After thirteen games of play on the young season, Kentucky’s extraordinarily inexperienced team finds themselves with ten victories and three losses. Depending on who you ask, three losses entering conference play is probably a bit disappointing given the high praise that was bestowed upon this squad in the preseason. Of course, there’s bound to be some criticism any time a team stumbles out of the gate while starting the season ranked #1. Regardless of where the team started and how the season has gone thus far, Kentucky now must shift their attention to winning the program’s 48th SEC regular season championship – a feat that will not come easy. Given that the out-of-conference slate has come to a close, I thought a statistical update for the team and individual players was in order.
There are hundreds of different statistics out there that measure any variety of things, but for the team update I chose to use basketball statistician Dean Oliver’s Four Factors, and a handful of other basic numbers. For the unfamiliar, the “Four Factors” as Oliver refers to them, are the statistical summary of what matters the most in winning and losing basketball games. They are; Effective Field Goal Percentage – field goal percentage where 3-pointers are given 50% more credit, Turnover Percentage – a measure of ball security that factors in possessions, Offensive/Defensive Rebound Percentage – the percentage of available offensive/defensive rebounds obtained by a team, and Free Throw Rate – a measure of how often a team gets to the charity stripe. Because Free Throw Rate is difficult to understand, I replaced it with Percent of Possessions with A Free Throw Attempt – a very similar metric to Free Throw Rate, but it’s easier to digest. The remainder of offensive and defensive stats should be self explanatory. Steals and Blocks aren’t in percentage form as the tables indicate, but rather per game form.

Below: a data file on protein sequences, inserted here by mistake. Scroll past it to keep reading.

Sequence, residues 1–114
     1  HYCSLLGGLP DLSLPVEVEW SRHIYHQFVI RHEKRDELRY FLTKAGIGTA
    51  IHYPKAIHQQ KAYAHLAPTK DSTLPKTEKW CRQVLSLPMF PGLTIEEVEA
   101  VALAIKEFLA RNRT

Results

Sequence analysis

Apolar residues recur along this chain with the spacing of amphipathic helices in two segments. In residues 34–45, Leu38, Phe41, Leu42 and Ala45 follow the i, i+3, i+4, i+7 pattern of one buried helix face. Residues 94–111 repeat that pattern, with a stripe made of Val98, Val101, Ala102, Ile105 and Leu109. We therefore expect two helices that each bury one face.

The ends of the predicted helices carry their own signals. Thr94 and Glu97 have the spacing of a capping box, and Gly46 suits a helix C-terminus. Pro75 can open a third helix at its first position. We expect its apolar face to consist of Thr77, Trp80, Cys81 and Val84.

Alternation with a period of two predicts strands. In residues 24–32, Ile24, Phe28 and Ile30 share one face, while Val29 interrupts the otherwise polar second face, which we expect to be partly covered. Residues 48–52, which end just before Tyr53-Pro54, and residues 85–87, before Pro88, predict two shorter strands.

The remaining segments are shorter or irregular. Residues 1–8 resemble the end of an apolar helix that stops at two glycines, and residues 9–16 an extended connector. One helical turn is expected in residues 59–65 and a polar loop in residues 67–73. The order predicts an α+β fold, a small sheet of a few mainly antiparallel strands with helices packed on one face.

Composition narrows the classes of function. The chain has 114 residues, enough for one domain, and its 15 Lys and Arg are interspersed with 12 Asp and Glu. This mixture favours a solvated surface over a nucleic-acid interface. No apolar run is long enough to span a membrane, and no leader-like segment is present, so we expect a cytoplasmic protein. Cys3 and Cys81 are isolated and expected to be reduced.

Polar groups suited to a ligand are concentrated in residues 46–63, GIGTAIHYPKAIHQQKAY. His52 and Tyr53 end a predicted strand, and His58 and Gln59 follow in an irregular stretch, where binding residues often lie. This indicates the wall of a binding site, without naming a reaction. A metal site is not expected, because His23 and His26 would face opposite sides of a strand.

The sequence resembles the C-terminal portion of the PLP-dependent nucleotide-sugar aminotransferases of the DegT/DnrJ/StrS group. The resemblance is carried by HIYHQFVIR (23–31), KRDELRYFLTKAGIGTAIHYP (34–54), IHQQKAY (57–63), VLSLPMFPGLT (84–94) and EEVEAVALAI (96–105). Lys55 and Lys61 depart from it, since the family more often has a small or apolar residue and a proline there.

The Cats currently rank 74th nationally in Effective Field Goal Percentage, due in large part to poor perimeter shooting. However, we’re ranked 278th nationally in three point attempts, so the harm is minimized. The perimeter has been a struggle this year, but Kentucky’s Effective Field Goal Percentage is boosted by the elite interior shooting abilities of Julius Randle, Aaron Harrison, and Willie Cauley-Stein. Turnovers have also been a problem for the Cats this year. As it currently stands, Kentucky ranks 178th nationally in Turnover Percentage, losing the ball on 18.6% of possessions. Turnover percentage around D-1 has tumbled due to the new rules, but the Cats are still losing possession far too frequently. If the season ended today, 178th would be the lowest national ranking in Turnover Percentage for a John Calipari coached squad.
While Kentucky’s main offensive struggles are well documented, the Cats excel in grabbing offensive boards and getting to the free throw line. Currently, Kentucky’s ranked 1st nationally in Offensive Rebound Percentage and Percent of Possessions with a Free Throw Attempt. As is often the case, when a team struggles to shoot and keep possession of the ball, people tend to think an offense is inefficient. But given the number of second chance opportunities and free throw attempts, Kentucky has scratched and clawed their way to having the 6th most efficient offense in the nation according to Ken Pomeroy’s efficiency ratings. If they could just manage to connect more often at the free throw line we would be looking at a scary good offense.